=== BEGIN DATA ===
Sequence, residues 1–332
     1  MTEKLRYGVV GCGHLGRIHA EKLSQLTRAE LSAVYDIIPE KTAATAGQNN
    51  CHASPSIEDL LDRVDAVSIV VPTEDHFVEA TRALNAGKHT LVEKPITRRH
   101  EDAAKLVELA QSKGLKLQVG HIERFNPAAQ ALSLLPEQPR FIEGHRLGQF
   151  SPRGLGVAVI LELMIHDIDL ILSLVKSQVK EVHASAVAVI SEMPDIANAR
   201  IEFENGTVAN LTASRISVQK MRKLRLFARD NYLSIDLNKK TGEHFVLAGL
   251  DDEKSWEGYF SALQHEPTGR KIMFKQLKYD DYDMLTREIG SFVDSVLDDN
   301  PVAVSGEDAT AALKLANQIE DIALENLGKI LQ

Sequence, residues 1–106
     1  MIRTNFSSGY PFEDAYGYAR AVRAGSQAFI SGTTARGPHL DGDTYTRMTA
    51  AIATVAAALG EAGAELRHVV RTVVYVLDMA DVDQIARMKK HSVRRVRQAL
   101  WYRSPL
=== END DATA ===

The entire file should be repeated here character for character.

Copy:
Sequence, residues 1–332
     1  MTEKLRYGVV GCGHLGRIHA EKLSQLTRAE LSAVYDIIPE KTAATAGQNN
    51  CHASPSIEDL LDRVDAVSIV VPTEDHFVEA TRALNAGKHT LVEKPITRRH
   101  EDAAKLVELA QSKGLKLQVG HIERFNPAAQ ALSLLPEQPR FIEGHRLGQF
   151  SPRGLGVAVI LELMIHDIDL ILSLVKSQVK EVHASAVAVI SEMPDIANAR
   201  IEFENGTVAN LTASRISVQK MRKLRLFARD NYLSIDLNKK TGEHFVLAGL
   251  DDEKSWEGYF SALQHEPTGR KIMFKQLKYD DYDMLTREIG SFVDSVLDDN
   301  PVAVSGEDAT AALKLANQIE DIALENLGKI LQ

Sequence, residues 1–106
     1  MIRTNFSSGY PFEDAYGYAR AVRAGSQAFI SGTTARGPHL DGDTYTRMTA
    51  AIATVAAALG EAGAELRHVV RTVVYVLDMA DVDQIARMKK HSVRRVRQAL
   101  WYRSPL